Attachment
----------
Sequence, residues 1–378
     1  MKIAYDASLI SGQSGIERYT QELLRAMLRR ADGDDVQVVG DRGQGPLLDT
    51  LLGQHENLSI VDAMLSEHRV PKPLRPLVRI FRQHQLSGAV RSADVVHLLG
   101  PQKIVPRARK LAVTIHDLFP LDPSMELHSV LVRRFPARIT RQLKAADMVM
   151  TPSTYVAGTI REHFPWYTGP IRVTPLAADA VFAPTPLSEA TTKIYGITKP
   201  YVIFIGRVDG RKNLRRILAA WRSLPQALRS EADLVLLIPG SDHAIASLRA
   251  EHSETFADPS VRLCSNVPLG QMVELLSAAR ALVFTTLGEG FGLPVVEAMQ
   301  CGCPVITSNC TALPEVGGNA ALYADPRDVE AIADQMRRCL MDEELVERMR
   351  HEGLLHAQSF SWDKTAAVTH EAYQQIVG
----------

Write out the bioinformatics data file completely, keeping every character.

Sequence, residues 1–378
     1  MKIAYDASLI SGQSGIERYT QELLRAMLRR ADGDDVQVVG DRGQGPLLDT
    51  LLGQHENLSI VDAMLSEHRV PKPLRPLVRI FRQHQLSGAV RSADVVHLLG
   101  PQKIVPRARK LAVTIHDLFP LDPSMELHSV LVRRFPARIT RQLKAADMVM
   151  TPSTYVAGTI REHFPWYTGP IRVTPLAADA VFAPTPLSEA TTKIYGITKP
   201  YVIFIGRVDG RKNLRRILAA WRSLPQALRS EADLVLLIPG SDHAIASLRA
   251  EHSETFADPS VRLCSNVPLG QMVELLSAAR ALVFTTLGEG FGLPVVEAMQ
   301  CGCPVITSNC TALPEVGGNA ALYADPRDVE AIADQMRRCL MDEELVERMR
   351  HEGLLHAQSF SWDKTAAVTH EAYQQIVG